This paper is available on arxiv under CC 4.0 license.

**Authors:**

(1) Z. Jennings, Astrophysics Group, Keele University, Staffordshire, ST5 5BG, UK (E-mail: [email protected]);

(2) J. Southworth, Astrophysics Group, Keele University, Staffordshire, ST5 5BG, UK;

(3) K. Pavlovski, Department of Physics, Faculty of Science, University of Zagreb, 10000 Zagreb, Croatia;

(4) T. Van Reeth, Institute of Astronomy, KU Leuven, Celestijnenlaan 200D, B-3001 Leuven, Belgium.

## Table of Links

- Abstract and Intro
- Observation
- Orbital Ephemeris
- Radial Velocity Analysis
- Spectral Analysis
- Analysis of the Light Curve
- Physical Properties
- Asteroseismic Analysis
- Discussion
- Conclusion, Data Availability, Acknowledgments, and References
- Appendix A: Ephemeris Determination
- Appendix B: Iteratively Prewhitened Frequencies
- Appendix C: Detected Tidally Perturbed Pulsations

## 4 RADIAL VELOCITY ANALYSIS

The spectral range between 4400–4800 Å is a suitable region to carry out the RV extraction procedure because there are many wellresolved spectral lines and the region does not contain any wide Balmer lines. Thirteen échelle orders within this range were corrected for cosmic ray spikes by first resampling onto a homogeneous wavelength grid before using a median filter to smooth them, then resampling the orders back to the original grid and subtracting them from the observed spectrum (Blanco-Cuaresma et al. 2014a). Pixels where the residual deviated by a threshold percentage, typically between 5 and 10%, were masked and their values were corrected for using linear interpolation. The appropriate value for the threshold was investigated for each order individually based on visual inspections of resulting flagged pixels. The blaze signature was removed using the method of Xu et al. (2019), where alpha shape fitting (see, Edelsbrunner et al. 1983) combined with local polynomial regression is used to estimate the continuum without dividing out important spectral features.

Small errors in the continuum estimation are magnified where the blaze function approaches zero. Following Xu et al. (2019), a better estimation at the edges can be obtained by taking a weighted average in the overlapping regions and applying weights such that pixels further away from the edge within their own order are favoured. For this to be applied correctly, the orders were re-sampled onto grids with a common wavelength step so that the pixel averages were calculated for corresponding wavelength values between neighbouring orders. A useful result from the edge correction procedure is that neighbouring orders share a common edge and can be merged after truncating the orders in the centre of the overlapping regions. The following analysis was carried out after merging the 13 spectral orders with wavelengths between 4400-4800 Å using this process.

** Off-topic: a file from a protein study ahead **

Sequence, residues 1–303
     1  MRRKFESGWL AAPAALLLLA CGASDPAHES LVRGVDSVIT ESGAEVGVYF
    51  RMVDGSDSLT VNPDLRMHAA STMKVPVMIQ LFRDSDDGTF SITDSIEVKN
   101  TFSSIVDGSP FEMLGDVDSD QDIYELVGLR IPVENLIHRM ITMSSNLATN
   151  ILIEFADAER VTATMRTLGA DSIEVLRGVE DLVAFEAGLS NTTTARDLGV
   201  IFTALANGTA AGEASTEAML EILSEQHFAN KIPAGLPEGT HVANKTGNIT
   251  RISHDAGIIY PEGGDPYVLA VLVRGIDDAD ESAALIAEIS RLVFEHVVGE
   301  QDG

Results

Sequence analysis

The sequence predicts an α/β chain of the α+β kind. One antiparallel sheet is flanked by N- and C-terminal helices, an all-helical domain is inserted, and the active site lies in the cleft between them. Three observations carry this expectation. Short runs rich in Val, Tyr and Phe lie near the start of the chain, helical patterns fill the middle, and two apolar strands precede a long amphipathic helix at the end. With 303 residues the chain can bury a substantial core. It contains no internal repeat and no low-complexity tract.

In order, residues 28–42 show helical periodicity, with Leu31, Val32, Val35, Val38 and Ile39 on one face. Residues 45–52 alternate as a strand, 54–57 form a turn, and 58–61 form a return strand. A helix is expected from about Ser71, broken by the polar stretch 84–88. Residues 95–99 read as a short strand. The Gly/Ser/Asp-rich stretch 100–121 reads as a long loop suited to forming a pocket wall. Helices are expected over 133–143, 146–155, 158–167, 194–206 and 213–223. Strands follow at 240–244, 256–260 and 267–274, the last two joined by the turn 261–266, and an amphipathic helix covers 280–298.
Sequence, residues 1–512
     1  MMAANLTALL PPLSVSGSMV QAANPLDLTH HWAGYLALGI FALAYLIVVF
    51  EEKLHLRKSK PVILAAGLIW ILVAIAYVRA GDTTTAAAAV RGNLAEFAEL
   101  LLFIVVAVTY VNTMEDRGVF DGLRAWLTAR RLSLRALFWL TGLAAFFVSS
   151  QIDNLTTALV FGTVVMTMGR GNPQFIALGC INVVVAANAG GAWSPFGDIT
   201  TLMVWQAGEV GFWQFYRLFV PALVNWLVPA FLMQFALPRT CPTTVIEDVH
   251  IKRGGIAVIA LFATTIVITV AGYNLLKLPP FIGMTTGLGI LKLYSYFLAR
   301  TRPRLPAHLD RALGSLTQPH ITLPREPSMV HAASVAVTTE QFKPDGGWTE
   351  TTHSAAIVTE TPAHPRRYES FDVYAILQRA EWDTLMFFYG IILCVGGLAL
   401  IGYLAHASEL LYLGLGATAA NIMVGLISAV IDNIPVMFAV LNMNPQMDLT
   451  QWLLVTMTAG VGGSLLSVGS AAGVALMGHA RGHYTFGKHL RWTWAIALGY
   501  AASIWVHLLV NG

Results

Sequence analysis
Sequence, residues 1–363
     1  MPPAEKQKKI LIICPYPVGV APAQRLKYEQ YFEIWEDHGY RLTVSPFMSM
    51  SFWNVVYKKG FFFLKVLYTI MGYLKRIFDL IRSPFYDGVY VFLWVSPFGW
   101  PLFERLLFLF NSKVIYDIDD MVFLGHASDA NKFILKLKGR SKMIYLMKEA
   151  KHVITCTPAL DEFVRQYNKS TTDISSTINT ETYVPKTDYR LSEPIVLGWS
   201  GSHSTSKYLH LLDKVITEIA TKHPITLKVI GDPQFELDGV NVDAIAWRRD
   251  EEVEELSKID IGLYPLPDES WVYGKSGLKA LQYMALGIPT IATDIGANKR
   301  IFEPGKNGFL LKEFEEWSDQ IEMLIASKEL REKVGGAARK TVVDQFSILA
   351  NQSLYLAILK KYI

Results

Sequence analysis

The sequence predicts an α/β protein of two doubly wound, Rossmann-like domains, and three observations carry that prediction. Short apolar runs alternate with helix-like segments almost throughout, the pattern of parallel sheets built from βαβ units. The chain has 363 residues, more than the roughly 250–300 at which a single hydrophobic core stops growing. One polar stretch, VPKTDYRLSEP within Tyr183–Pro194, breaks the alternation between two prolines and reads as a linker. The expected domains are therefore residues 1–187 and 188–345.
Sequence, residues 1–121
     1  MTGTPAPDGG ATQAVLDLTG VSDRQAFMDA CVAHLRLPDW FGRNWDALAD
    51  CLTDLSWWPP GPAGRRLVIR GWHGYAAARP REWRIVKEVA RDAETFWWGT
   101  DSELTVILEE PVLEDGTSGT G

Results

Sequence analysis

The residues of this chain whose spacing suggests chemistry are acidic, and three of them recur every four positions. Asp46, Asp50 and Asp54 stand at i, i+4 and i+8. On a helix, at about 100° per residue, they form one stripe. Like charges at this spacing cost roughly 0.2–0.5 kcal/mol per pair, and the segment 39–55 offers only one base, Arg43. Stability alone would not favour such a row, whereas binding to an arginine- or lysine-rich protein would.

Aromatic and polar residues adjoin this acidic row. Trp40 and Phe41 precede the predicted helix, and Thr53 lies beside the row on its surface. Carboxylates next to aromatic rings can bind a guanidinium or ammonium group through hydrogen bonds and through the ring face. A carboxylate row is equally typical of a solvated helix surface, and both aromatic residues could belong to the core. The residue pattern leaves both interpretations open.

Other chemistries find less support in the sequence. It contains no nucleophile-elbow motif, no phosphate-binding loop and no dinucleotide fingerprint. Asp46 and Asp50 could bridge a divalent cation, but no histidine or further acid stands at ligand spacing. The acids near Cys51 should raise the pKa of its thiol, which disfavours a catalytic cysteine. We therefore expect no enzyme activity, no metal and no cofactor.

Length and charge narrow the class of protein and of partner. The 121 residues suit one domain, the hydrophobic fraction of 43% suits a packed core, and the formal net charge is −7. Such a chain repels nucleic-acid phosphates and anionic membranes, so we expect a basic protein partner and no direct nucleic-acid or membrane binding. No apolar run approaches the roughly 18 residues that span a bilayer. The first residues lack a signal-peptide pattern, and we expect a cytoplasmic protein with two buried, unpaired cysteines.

**The pulsating eclipsing binary KIC 9851944**

Our own implementation of the TODCOR two-dimensional cross-correlation algorithm (Zucker & Mazeh 1994) was used to extract the RVs. Systematic errors arise when using the cross-correlation technique to extract RVs because neighbouring peaks and sidelobes in the doubled-peaked CCF disturb each other, and this is related to blending between the spectral lines of the two components (Andersen 1975; Latham et al. 1996). The result is that the estimated RVs may be shifted relative to the true value, where the size and direction of the shift depends on the phase (see Fig.4), i.e, the relative Doppler shifts between the components (Latham et al. 1996).

This systematic error can be minimised by correcting the RVs for this effect (e.g., Latham et al. 1996; Torres et al. 1997; Torres et al. 2000; Torres & Ribas 2002; Southworth & Clausen 2007). A preliminary orbit was obtained by making an initial fit to the RVs extracted using TODCOR. A synthetic SB2 model was then produced with orbital parameters corresponding to the initial fit by Doppler shifting and adding the template spectra weighted by their relative light contributions as estimated by the resulting value for ℓB/ℓA from the initial TODCOR run. The TODCOR algorithm was then used to extract the known RVs from the synthetic SB2 model at orbital phases corresponding to the observations. The difference between the calculated RV and the known RV of the model gives an estimation for the magnitude and direction of the systematic error at that orbital phase. The correction was then added to the actual RVs measured from the observed spectra.